[Haskell-cafe] ANNOUNCE: Sun Microsystems and Haskell.org joint
project on OpenSPARC
Ben.Lippmeier at anu.edu.au
Fri Jul 25 00:19:13 EDT 2008
On 25/07/2008, at 12:42 PM, Duncan Coutts wrote:
> Of course then it means we need to have enough work to do. Indeed we
> need quite a bit just to break even because each core is relatively
> stripped down without all the out-of-order execution etc.
I don't think that will hurt too much. The code that GHC emits is very
regular and the basic blocks tend to be small. A good proportion of it
is just for copying data between the stack and the heap. On the
upside, it's all very clean and amenable to some simple peephole
optimization / compile time reordering.
I remember someone telling me that one of the outcomes of the Itanium
project was that they didn't get the (low level) compile-time
optimizations to perform as well as they had hoped. The reasoning was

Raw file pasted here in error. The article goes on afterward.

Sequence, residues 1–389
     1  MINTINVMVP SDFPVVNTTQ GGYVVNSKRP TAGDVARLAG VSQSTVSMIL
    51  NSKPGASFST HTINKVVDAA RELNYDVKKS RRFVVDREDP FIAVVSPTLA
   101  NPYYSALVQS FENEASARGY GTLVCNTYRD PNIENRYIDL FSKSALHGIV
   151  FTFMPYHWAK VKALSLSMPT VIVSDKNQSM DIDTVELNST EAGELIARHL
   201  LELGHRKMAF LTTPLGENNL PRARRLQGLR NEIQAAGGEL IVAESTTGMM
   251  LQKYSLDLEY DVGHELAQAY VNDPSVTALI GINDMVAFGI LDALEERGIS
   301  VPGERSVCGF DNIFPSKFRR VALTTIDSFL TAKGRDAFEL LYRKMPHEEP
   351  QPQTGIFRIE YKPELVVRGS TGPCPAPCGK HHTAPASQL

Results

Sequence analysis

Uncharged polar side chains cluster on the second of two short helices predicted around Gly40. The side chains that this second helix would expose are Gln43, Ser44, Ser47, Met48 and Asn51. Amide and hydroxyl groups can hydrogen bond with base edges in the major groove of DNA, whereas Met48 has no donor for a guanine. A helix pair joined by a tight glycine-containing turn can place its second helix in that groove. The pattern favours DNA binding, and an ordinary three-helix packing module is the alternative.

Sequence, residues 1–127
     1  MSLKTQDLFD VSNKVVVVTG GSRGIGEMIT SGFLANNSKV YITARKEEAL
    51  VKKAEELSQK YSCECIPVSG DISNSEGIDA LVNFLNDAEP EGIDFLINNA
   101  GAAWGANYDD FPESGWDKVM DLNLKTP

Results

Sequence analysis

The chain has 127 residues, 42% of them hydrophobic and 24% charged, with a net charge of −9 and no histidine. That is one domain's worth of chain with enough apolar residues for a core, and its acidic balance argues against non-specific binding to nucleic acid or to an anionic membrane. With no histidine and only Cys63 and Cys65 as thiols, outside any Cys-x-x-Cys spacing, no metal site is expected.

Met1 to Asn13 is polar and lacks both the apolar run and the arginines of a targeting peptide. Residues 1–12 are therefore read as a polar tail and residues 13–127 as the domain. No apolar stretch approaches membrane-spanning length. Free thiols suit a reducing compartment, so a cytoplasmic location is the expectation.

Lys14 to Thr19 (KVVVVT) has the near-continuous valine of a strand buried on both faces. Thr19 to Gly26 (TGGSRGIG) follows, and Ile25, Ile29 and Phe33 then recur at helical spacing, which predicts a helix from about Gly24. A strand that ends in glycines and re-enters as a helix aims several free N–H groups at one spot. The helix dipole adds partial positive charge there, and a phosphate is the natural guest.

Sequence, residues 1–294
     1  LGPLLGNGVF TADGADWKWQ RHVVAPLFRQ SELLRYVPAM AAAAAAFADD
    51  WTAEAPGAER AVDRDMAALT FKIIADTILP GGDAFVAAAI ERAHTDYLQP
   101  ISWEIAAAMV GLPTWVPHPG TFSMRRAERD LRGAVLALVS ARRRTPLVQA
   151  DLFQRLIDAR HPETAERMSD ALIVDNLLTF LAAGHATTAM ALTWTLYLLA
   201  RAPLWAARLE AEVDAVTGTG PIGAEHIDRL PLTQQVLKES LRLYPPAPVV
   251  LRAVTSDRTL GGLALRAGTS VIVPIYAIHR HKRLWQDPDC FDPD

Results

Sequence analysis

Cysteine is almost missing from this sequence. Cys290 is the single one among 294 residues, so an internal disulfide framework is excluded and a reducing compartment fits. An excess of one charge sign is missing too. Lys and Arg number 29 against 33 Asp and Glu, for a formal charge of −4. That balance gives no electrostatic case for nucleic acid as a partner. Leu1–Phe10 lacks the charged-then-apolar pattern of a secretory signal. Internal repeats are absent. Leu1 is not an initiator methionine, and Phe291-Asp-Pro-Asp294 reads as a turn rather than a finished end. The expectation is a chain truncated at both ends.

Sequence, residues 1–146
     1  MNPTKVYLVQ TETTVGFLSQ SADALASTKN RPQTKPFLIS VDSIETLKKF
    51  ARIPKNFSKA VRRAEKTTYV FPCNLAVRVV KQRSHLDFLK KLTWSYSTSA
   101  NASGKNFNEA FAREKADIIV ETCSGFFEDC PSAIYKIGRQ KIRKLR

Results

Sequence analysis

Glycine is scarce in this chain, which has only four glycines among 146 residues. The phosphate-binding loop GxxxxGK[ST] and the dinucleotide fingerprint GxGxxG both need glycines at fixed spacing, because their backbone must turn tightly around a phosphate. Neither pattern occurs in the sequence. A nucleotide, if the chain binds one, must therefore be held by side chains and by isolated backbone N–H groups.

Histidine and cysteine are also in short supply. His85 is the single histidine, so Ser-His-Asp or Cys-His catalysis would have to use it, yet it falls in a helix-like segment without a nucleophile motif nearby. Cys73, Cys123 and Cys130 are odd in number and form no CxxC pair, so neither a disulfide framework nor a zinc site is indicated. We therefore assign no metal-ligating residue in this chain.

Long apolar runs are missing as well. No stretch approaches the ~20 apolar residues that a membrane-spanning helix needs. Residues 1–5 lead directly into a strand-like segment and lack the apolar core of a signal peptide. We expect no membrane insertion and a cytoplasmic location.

that a highly speculative/out-of-order processor with all the
trimmings had a lot more dynamic information about the state of the
program, and could make decisions on the fly which were better than
what you could ever get statically at compile time. -- does anyone
have a reference for this?
Anyway, this problem is moot with GHC code. There's barely any
instruction level parallelism to exploit anyway, but adding an extra
hardware thread is just a `par` away.
To quote a talk from that paper earlier: "GHC programs turn an Athlon
into a 486 with a high clock speed!"
More information about the Haskell-Cafe